fread (3p) - Linux Manuals
fread: binary input
PROLOGThis manual page is part of the POSIX Programmer's Manual. The Linux implementation of this interface may differ (consult the corresponding Linux manual page for details of Linux behavior), or the interface may not be implemented on Linux.
fread - binary input
size_t fread(void *restrict ptr, size_t size,
The fread() function shall read into the array pointed to by ptr up to nitems elements whose size is specified by size in bytes, from the stream pointed to by stream. For each object, size calls shall be made to the fgetc() function and the results stored, in the order read, in an array of unsigned char exactly overlaying the object. The file position indicator for the stream (if defined) shall be advanced by the number of bytes successfully read. If an error occurs, the resulting value of the file position indicator for the stream is unspecified. If a partial element is read, its value is unspecified.
The fread() function may mark the st_atime field of the file associated with stream for update. The st_atime field shall be marked for update by the first successful execution of fgetc(), fgets(), fgetwc(), fgetws(), fread(), fscanf(), getc(), getchar(), gets(), or scanf() using stream that returns data not supplied by a prior call to ungetc() or ungetwc().
Upon successful completion, fread() shall return the number of elements successfully read which is less than nitems only if a read error or end-of-file is encountered. If size or nitems is 0, fread() shall return 0 and the contents of the array and the state of the stream remain unchanged. Otherwise, if a read error occurs, the error indicator for the stream shall be set, and errno shall be set to indicate the error.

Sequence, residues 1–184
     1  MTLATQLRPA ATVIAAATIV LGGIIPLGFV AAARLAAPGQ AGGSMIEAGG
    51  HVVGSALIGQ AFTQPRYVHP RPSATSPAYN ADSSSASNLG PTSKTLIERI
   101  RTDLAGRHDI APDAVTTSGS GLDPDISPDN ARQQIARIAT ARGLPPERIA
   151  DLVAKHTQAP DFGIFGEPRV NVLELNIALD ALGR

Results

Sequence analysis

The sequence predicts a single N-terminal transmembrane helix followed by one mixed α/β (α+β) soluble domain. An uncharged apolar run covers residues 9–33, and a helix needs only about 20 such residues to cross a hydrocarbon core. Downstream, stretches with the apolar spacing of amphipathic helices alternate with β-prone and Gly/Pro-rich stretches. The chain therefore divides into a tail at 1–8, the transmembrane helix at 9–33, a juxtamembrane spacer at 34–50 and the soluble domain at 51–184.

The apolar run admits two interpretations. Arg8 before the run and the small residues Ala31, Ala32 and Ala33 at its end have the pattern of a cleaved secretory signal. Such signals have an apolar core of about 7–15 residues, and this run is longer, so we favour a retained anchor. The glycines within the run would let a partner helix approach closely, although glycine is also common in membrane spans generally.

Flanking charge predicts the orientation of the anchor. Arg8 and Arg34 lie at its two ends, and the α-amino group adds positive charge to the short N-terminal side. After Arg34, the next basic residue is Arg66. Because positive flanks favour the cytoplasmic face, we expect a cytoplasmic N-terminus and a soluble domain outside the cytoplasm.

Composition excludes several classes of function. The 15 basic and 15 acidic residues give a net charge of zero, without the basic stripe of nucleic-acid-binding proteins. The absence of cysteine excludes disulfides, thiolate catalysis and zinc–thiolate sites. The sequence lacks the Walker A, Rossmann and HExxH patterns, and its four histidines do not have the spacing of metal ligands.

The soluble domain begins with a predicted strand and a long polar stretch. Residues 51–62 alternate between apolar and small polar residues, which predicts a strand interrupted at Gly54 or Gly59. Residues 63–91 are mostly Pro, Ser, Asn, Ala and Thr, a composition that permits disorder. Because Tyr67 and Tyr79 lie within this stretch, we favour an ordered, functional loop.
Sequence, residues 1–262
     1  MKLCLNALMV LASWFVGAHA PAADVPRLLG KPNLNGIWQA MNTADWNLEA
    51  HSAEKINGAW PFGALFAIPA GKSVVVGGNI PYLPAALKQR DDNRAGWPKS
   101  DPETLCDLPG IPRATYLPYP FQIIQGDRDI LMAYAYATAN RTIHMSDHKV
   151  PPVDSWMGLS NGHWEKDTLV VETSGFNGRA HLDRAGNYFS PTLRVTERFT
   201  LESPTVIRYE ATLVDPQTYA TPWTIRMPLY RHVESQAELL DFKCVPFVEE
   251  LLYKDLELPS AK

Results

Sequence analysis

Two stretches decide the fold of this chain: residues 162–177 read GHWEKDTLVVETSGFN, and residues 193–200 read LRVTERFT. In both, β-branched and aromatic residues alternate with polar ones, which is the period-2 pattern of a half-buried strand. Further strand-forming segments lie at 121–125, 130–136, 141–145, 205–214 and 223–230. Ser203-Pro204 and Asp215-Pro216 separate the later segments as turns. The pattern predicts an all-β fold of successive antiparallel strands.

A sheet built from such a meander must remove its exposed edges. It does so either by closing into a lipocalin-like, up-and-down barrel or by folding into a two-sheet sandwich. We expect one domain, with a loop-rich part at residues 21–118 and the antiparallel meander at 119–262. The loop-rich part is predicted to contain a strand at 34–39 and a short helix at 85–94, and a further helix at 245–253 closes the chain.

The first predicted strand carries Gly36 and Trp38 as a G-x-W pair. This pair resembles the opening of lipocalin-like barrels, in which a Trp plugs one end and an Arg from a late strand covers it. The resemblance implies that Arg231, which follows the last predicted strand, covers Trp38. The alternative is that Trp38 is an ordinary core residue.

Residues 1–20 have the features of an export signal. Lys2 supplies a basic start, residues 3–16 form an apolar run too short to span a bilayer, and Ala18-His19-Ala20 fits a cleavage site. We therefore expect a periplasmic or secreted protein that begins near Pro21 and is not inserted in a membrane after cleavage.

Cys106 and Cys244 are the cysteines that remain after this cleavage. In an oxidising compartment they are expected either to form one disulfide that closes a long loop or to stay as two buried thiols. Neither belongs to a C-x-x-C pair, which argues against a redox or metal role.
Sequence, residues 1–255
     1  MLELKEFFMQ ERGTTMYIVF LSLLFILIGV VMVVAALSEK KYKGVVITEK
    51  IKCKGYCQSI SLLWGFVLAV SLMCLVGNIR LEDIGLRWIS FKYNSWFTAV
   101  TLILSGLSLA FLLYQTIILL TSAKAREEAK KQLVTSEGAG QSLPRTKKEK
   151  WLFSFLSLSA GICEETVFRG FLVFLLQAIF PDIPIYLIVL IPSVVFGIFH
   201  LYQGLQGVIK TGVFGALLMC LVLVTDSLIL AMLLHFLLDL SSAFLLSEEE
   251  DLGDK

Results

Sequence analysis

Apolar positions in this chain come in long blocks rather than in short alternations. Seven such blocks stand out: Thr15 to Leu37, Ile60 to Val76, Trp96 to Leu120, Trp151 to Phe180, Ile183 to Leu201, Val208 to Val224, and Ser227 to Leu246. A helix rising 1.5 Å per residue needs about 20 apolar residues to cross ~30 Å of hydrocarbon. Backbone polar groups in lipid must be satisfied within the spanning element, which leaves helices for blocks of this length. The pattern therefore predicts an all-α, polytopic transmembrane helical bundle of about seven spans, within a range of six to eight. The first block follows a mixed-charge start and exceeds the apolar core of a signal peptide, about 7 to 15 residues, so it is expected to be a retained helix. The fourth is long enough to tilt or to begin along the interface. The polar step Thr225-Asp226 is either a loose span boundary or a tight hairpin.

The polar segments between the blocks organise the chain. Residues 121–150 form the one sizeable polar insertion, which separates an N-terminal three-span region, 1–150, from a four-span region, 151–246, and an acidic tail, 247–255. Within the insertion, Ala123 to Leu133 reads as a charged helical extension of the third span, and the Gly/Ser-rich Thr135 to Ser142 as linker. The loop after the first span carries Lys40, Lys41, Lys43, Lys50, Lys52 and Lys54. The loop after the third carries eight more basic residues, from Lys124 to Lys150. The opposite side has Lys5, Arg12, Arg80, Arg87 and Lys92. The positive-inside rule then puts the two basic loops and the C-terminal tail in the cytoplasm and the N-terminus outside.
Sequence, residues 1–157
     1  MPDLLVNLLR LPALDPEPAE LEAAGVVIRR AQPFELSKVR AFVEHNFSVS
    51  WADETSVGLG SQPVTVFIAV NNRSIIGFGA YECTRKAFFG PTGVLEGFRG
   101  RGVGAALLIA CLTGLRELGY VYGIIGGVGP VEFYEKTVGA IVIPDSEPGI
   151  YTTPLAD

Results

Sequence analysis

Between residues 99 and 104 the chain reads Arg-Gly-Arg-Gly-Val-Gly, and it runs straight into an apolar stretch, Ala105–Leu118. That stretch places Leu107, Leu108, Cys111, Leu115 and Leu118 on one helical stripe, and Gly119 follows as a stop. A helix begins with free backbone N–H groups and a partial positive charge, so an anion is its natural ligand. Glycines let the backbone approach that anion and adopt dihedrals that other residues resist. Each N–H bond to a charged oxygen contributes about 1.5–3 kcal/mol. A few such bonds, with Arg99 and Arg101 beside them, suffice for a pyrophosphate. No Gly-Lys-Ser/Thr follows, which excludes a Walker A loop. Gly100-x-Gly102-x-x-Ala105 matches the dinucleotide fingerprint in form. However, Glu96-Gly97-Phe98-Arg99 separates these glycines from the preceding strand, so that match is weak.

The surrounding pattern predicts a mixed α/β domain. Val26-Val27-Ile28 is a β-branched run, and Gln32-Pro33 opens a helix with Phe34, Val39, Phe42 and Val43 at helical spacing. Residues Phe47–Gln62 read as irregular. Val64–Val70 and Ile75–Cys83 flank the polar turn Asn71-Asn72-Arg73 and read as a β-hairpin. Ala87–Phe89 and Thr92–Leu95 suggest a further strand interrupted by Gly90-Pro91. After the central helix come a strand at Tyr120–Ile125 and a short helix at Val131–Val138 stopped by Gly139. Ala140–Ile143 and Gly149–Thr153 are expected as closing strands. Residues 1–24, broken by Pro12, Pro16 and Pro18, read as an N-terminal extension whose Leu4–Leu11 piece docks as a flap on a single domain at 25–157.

Refer to fgetc().
The following sections are informative.
Reading from a Stream
The following example reads a single element from the fp stream into the array pointed to by buf.
#include <stdio.h> ... size_t bytes_read; char buf; FILE *fp; ... bytes_read = fread(buf, sizeof(buf), 1, fp); ...
The ferror() or feof() functions must be used to distinguish between an error condition and an end-of-file condition.
Because of possible differences in element length and byte ordering, files written using fwrite() are application-dependent, and possibly cannot be read using fread() by a different application or by the same application on a different processor.
COPYRIGHTPortions of this text are reprinted and reproduced in electronic form from IEEE Std 1003.1, 2003 Edition, Standard for Information Technology -- Portable Operating System Interface (POSIX), The Open Group Base Specifications Issue 6, Copyright (C) 2001-2003 by the Institute of Electrical and Electronics Engineers, Inc and The Open Group. In the event of any discrepancy between this version and the original IEEE and The Open Group Standard, the original IEEE and The Open Group Standard is the referee document. The original Standard can be obtained online at http://www.opengroup.org/unix/online.html .
feof(), ferror(), fgetc(), fopen(), getc(), gets(), scanf(), the Base Definitions volume of IEEE Std 1003.1-2001, <stdio.h>